• Excavation: A level site with minimal obstacles (e.g., trees). The less excavation needed, the more money you’ll save on site prep and construction costs. If your site is uneven or hilltop, you’ll need to fill (add) or cut (remove) until the ground is flat.

3) Obtain the Necessary Permits

Before you can start site preparation and post frame construction, you need to obtain the necessary permits. Unfortunately, there isn’t a “one size fits all” permit. It boils down to the building use and – you guessed it – location.

Again, a building permit within city limits may have a different set of rules than the countryside. However, all pole barn permits have the following components in common:

  • Setback: The minimum distance between a post frame building and the property line.
  • EasementThe legal right for another owner to cross or have limited access to one’s property.
  • Building Height & Lot Coverage Restrictions: Limits how high you can build and what percentage of your lot can be covered by structures.

It’s crucial that you understand these components and how they affect your post frame project.

Be prepared to apply for multiple licenses. For example, you’ll need different ones for putting in a driveway, hooking up to utilities, and building during certain times of the year.

Furthermore, you should be ready to submit the following documents with your permit application:

  • Blueprint
  • Site plan
  • Plat survey
  • The legal description of the property

If approved, a fee for the permits will be charged. You’ll most likely pay with cash or a check as some government offices don’t accept credit cards.

When the permits are issued, work on your pole barn home can begin. They must be visible on the job site and readily available should the building inspector pay a visit. He/she may analyze construction methods and building materials, verifying that everything is up to code.

Most local governments require inspections at various stages in the construction process, such as:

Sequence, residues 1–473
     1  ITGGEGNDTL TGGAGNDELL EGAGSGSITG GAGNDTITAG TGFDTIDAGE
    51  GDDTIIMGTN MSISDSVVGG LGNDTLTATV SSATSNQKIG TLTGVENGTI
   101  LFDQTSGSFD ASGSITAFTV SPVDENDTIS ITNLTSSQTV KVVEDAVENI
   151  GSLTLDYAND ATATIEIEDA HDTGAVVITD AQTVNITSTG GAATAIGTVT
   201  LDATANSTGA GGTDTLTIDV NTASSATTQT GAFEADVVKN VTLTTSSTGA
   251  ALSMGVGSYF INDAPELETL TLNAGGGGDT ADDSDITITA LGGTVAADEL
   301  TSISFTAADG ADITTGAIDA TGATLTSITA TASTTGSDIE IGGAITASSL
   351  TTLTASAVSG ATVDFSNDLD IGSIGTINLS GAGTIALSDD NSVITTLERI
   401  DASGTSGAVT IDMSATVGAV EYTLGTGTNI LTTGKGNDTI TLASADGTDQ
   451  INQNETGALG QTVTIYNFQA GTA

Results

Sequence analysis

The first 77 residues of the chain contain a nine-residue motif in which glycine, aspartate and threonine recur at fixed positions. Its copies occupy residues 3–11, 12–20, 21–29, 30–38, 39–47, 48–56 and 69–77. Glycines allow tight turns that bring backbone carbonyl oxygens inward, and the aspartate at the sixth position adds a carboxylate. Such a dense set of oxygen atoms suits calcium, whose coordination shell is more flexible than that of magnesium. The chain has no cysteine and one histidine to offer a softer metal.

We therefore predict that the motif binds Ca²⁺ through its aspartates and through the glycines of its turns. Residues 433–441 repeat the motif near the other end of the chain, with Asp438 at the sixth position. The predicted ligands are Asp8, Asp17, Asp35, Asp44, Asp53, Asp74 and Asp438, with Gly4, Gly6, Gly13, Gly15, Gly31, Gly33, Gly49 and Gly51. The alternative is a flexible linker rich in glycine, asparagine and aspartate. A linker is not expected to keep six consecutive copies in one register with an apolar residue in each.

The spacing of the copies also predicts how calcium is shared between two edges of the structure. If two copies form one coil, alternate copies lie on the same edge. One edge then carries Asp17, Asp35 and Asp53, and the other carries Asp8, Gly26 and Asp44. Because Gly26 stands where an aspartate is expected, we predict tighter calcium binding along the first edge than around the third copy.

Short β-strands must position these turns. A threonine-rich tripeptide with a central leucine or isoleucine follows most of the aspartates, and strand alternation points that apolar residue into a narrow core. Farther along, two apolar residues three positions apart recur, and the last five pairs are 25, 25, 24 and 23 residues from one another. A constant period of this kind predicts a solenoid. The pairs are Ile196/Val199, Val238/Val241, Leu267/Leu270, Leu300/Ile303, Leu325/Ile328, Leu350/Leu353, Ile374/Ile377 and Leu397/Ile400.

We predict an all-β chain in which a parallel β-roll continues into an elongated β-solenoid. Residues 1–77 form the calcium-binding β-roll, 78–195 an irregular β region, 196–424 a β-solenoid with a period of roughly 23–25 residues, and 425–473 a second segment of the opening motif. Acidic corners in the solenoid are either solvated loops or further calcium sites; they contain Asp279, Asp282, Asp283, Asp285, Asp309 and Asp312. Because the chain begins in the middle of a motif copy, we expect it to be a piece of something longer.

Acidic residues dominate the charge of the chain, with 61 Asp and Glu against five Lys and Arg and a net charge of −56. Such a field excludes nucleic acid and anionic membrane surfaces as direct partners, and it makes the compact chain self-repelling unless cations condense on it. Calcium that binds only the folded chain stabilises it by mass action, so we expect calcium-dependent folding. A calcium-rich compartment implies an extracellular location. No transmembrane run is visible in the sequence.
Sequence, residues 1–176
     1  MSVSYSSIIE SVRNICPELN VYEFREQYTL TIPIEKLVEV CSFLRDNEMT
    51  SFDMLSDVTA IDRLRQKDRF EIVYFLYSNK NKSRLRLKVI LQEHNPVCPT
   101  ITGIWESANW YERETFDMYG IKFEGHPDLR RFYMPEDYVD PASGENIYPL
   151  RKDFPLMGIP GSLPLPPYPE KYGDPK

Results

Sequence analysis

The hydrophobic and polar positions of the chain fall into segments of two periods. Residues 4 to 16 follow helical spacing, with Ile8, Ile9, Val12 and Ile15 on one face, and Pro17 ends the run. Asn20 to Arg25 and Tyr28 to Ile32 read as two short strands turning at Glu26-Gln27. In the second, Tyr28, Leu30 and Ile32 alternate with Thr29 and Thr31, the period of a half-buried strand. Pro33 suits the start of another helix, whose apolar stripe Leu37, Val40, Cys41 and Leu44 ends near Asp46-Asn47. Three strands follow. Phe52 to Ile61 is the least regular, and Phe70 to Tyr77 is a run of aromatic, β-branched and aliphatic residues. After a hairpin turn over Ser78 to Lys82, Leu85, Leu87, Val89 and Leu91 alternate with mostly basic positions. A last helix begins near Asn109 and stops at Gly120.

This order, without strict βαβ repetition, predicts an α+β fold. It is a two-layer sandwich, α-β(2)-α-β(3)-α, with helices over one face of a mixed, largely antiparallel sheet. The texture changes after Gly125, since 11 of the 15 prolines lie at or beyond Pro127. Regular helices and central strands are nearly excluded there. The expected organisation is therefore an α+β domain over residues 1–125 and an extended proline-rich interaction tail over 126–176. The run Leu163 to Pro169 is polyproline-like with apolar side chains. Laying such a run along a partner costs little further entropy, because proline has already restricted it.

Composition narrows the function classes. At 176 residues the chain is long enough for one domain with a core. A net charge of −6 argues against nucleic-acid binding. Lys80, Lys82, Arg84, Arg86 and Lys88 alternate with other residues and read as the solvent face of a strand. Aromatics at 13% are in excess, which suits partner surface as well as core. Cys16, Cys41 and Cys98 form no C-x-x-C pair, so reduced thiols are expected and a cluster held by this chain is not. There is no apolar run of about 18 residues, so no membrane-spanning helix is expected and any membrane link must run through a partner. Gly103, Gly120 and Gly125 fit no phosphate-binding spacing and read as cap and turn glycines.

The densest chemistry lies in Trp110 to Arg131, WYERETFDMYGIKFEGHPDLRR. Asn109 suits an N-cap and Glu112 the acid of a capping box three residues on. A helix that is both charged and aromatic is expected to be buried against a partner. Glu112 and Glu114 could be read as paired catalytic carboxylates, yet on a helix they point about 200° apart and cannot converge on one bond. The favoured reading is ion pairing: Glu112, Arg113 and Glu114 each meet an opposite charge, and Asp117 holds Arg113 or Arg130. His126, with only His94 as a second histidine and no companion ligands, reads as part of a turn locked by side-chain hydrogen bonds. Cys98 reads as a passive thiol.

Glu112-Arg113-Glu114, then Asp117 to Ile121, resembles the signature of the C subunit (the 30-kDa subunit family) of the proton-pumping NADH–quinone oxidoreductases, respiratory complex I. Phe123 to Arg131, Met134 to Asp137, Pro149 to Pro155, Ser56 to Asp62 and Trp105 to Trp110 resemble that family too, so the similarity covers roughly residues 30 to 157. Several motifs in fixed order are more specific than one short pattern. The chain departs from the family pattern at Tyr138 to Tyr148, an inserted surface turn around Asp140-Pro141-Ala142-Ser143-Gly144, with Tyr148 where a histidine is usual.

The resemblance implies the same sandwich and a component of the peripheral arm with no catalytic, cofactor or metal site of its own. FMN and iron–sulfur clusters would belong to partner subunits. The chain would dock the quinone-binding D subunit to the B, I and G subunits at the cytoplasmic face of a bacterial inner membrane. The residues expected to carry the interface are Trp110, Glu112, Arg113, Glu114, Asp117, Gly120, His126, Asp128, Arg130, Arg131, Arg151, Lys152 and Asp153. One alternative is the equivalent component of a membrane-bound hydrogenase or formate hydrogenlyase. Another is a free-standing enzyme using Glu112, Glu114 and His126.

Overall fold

4) Create an Interior Floor Plan

Despite what you may see on social media or company websites, most pole barn builders specialize in the building shell only. The purpose of these interior shots is to showcase the versatility that post frame construction offers.

Granted, it’s nice to see how past customers designed their space and gather ideas for your shome. Just keep in mind that a large portion of the interior work was subcontracted.

With that being said, you’ll need to hire an architect to create the interior layout. Or you can do it yourself (DIY) if you have a knack for floor planning. 

5) Assemble Your Construction Team

Since the pole barn builder is responsible for the building shell, you’ll need to hire a general contractor (GC) for the other design aspects.

Some customers prefer to handle this process on their own. Those with the background and passion find this experience to be enjoyable and rewarding. Not to mention how much money you can save by doing it yourself (8 to 24% depending on building size and project scope).

Meanwhile, those without the knowledge are surprised by how time-consuming it is to manage a construction project. Sometimes it’s easier to pay a little extra and leave it to the professionals.

For instance, you’ll have to coordinate and pay for the following jobs:

  • Site preparation
  • Installing a driveway, culvert, and septic tank
  • Frame the interior walls
  • Running electrical wires and plumbing pipes
  • Hanging insulation and drywall
  • Finish other interior details